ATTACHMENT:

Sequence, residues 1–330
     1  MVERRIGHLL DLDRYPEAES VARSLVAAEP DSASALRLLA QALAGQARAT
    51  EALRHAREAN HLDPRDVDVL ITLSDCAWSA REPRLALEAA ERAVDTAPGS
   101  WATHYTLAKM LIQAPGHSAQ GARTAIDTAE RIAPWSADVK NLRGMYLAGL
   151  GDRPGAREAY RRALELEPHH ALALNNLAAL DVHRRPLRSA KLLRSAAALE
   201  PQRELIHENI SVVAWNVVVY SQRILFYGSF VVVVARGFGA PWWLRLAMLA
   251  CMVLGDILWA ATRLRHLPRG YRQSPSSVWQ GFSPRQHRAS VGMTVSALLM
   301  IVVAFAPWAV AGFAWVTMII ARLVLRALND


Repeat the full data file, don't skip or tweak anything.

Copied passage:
Sequence, residues 1–330
     1  MVERRIGHLL DLDRYPEAES VARSLVAAEP DSASALRLLA QALAGQARAT
    51  EALRHAREAN HLDPRDVDVL ITLSDCAWSA REPRLALEAA ERAVDTAPGS
   101  WATHYTLAKM LIQAPGHSAQ GARTAIDTAE RIAPWSADVK NLRGMYLAGL
   151  GDRPGAREAY RRALELEPHH ALALNNLAAL DVHRRPLRSA KLLRSAAALE
   201  PQRELIHENI SVVAWNVVVY SQRILFYGSF VVVVARGFGA PWWLRLAMLA
   251  CMVLGDILWA ATRLRHLPRG YRQSPSSVWQ GFSPRQHRAS VGMTVSALLM
   301  IVVAFAPWAV AGFAWVTMII ARLVLRALND